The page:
Turkish Journal of Medical Sciences




Aim: The antibacterial effect of lidocaine has been studied widely, but the effect of articaine has not yet been evaluated. We aimed to investigate whether commercially available articaine possesses bactericidal or bacteriostatic effect in comparison with lidocaine in a prospective laboratory setting. Materials and Methods: The antibacterial effects of articaine and lidocaine were studied on Pseudomonas aeruginosa ATCC27853, Staphylococcus aureus ATCC25923, Escherichia coli ATCC35218, and Proteus mirabilis ATCC7002 strains and a patient isolate of Serratia marcescens. For this study, 2% lidocaine HCl and articaine HCl were diluted to 10, 5, 2.5, 1.25, 0.625, 0.312, 0.156, and 0.078 mg ml^{-1} concentrations to determine the antibacterial effect. All bacterial strains were inoculated to 2 ml antibiotic broth at a concentration of 5X10^5 m^{-1} for each well. For each bacterial strain, minimal bactericidal concentration (MBC) was evaluated by inoculating the content of wells onto blood agar plates and incubating for 24 hours. Results: MBC was detected for both of the local anesthetics. Although articaine showed bacteriostatic effect on all bacterial strains, two of five strains were resistant to lidocaine. Conclusions: The finding of articaine's bacteriostatic effect against all bacterial strains might be an evidence for its antibacterial use.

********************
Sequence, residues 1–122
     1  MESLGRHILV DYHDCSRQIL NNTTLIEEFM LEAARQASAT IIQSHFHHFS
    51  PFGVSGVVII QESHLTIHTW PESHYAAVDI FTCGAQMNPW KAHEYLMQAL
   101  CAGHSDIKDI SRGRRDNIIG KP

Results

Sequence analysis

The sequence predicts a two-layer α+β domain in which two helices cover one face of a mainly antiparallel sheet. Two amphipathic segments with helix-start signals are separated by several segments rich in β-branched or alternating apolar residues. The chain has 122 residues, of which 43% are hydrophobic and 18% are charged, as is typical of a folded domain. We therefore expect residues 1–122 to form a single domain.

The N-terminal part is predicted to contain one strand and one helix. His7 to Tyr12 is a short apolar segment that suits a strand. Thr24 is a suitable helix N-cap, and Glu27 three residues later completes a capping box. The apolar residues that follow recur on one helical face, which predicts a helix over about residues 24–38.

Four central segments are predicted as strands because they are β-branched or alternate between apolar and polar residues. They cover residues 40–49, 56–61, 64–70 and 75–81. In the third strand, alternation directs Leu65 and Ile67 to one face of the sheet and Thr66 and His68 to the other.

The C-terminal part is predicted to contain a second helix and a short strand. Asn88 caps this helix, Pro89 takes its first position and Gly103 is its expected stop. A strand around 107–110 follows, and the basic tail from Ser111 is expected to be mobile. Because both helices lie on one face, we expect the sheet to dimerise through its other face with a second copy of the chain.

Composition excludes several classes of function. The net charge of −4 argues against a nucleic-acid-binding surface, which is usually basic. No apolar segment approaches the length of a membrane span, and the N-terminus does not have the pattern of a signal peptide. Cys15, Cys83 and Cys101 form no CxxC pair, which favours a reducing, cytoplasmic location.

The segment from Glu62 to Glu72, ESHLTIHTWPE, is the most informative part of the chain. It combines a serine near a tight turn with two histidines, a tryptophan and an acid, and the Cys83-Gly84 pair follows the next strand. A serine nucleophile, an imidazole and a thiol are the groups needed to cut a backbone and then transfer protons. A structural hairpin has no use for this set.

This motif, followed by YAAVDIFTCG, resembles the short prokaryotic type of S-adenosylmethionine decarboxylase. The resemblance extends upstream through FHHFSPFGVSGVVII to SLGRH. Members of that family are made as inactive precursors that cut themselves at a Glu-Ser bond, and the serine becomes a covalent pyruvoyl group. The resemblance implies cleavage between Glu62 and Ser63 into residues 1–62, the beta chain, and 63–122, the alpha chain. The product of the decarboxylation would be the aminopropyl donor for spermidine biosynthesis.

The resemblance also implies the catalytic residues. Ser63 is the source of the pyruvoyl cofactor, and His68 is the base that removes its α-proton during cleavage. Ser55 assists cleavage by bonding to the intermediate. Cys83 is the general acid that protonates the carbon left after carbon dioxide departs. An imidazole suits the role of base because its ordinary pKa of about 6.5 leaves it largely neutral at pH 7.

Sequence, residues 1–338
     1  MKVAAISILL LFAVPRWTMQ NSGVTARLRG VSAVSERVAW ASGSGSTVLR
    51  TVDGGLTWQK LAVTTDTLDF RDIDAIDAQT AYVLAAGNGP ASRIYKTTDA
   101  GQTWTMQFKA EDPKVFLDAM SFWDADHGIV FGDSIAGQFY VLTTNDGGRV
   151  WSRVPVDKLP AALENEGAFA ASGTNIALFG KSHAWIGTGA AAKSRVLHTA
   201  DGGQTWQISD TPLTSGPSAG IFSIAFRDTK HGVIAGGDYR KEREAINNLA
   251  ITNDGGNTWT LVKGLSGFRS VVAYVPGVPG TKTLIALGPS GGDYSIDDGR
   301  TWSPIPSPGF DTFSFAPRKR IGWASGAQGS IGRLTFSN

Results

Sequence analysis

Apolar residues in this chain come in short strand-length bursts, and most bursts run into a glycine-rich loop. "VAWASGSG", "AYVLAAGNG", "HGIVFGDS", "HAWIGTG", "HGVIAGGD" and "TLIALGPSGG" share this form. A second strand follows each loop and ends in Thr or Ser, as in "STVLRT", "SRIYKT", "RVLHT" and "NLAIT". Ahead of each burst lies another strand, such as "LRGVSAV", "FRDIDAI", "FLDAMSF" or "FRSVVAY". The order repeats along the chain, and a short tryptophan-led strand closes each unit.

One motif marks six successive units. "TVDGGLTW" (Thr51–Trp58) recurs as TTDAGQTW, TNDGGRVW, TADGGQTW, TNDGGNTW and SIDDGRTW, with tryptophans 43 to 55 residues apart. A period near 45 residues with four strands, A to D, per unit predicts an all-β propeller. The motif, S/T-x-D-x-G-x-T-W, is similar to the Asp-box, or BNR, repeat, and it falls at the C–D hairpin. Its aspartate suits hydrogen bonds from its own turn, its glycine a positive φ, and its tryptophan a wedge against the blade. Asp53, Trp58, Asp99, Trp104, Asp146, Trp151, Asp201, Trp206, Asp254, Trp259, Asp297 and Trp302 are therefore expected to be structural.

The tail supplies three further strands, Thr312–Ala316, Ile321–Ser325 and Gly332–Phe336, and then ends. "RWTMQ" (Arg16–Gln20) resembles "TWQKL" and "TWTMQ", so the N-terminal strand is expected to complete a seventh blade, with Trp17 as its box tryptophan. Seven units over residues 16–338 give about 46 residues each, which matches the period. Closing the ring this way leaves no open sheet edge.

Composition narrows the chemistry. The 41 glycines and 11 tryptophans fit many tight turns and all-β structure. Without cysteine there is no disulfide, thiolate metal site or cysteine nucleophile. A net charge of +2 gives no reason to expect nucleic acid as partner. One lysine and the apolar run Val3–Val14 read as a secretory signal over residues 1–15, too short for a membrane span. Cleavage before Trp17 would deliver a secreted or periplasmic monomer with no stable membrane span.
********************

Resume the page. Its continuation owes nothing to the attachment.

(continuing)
Local anesthetics, articaine, lidocaine, infection, bactericidal

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